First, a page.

More than 20 tourism operators turned up to the first ‘Diamonds in the Sky’ workshop, jointly hosted by Bannau Brycheiniog National Park Authority and the University of Glamorgan, providing an introduction to astronomy to help them engage with the night skies and market their business to other keen star gazers.
With the remaining winter nights unusually clear, the eager stargazers were treated to a journey through time by Allan Trow from the University of Glamorgan, who spoke about the stars, lost civilizations and the myths and legends of the night sky. With Mars clearly visible in our skies at the moment a short film was also shown about the legends and myths surrounding Mars right up to the present day findings from NASA with discoveries of huge dust storms, volcanoes, giant valleys and polar caps. And if having the creation of the universe right in their sights weren’t enough, guests were treated to a fabulous journey around the planetarium constellations and were then asked to go outside and see if they could spot the constellations for themselves. Once outside, stargazers were able to see spectacular views of Mars, glimpses of Orion, Taurus, Ursa Major, Gemini, Sirius, Pleiades, Cassiopeia, and even a small meteor!
Carol Williams, Tourism Growth Officer for Bannau Brycheiniog National Park Authority said: “The Bannau Brycheiniog National Park is one of the darkest areas in Europe and offers a unique opportunity for accommodation businesses to engage with amateur astronomers in Wales and the rest of the UK. We are incredibly grateful to the University of Glamorgan, and in particular Allan Trow for helping us organise this fabulous series of star gazing events in the Bannau Brycheiniog National Park.
“We’ve undertaken some research and discovered that around ¼ million people in the UK are interested in astronomy so it makes perfect sense to give our local tourism businesses as much help as we can to market the wonderfully dark and starry nights in the National Park. Light pollution is becoming more and more of a problem for eager astronomers based in our cities. We will continue to work very closely with the University of Glamorgan to attract visitors who are interested in astronomy to areas of the National Park that have outstanding and uninterrupted views of the night skies without the nuisance of light pollution.”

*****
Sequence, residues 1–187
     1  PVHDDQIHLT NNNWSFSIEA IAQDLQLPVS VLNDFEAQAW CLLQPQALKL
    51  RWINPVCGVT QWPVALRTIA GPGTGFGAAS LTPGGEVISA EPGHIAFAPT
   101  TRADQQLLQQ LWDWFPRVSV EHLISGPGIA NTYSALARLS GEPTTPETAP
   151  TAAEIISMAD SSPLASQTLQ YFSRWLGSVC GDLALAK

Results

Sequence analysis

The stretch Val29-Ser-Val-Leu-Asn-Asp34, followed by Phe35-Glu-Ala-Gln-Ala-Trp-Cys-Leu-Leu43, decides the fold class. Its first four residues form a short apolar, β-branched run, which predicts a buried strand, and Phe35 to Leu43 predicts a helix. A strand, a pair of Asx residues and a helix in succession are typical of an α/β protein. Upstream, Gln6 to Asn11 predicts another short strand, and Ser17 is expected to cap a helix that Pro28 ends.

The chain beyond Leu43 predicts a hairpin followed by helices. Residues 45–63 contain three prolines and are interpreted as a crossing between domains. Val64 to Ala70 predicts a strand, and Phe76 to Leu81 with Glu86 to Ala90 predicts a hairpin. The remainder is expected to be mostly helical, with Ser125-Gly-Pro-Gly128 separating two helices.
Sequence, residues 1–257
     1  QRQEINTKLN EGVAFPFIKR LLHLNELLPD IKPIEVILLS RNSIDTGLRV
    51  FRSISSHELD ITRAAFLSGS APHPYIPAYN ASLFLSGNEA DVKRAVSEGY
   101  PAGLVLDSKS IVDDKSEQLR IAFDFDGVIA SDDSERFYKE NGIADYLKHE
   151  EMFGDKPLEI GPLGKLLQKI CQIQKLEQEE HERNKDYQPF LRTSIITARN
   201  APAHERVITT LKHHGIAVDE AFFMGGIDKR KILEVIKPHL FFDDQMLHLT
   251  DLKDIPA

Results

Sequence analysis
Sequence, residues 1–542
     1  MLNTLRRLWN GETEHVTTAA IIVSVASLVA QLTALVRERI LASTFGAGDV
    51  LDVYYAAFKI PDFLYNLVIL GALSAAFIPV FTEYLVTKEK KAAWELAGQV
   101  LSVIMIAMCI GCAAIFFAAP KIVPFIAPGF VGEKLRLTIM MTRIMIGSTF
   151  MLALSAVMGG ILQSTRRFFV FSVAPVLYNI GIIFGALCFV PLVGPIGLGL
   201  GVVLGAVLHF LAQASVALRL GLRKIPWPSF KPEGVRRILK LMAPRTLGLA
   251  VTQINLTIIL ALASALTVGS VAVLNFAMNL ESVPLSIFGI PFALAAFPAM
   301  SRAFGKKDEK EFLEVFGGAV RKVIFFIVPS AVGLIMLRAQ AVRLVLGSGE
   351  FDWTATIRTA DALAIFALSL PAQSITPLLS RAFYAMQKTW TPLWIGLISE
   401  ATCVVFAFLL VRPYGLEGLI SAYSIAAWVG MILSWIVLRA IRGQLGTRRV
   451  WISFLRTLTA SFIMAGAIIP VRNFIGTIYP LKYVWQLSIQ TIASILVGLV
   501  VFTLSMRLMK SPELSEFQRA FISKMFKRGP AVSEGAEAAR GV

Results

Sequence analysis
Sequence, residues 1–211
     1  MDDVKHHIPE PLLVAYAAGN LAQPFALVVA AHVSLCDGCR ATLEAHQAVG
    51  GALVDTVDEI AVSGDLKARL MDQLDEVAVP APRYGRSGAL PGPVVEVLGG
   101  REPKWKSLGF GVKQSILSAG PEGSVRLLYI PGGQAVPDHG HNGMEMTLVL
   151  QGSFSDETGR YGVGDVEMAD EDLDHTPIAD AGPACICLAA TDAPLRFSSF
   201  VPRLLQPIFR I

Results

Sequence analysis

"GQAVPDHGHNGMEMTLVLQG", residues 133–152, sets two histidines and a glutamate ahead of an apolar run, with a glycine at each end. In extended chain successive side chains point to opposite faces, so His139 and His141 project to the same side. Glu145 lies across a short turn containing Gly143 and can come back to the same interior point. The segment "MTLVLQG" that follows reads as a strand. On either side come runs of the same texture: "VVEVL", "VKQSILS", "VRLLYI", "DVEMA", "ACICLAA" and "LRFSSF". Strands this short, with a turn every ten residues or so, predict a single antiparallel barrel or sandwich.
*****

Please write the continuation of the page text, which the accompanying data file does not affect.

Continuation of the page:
Allan Trow of the University of Glamorgan and project leader for Dark Sky Wales also agreed that the Bannau Brycheiniog National Park is the perfect location to view the night sky. He said: “The Bannau Brycheiniog National Park offers those astronomical minded individuals a fantastic opportunity to glimpse some of the darkest skies in the UK. The view of the Milky Way is breathtaking and the prospect of glimpsing many deep sky objects will inspire many to stay and enjoy the area with its wealth of natural beauty once the sun rises.”
The next course is fully booked but another star gazing course is being planned for 11th May 7pm-9.30pm at Llangors Community Centre. All tourism related businesses are welcome.
For further information on star gazing in the National Park please contact Carol Williams at firstname.lastname@example.org or telephone 01874 620 478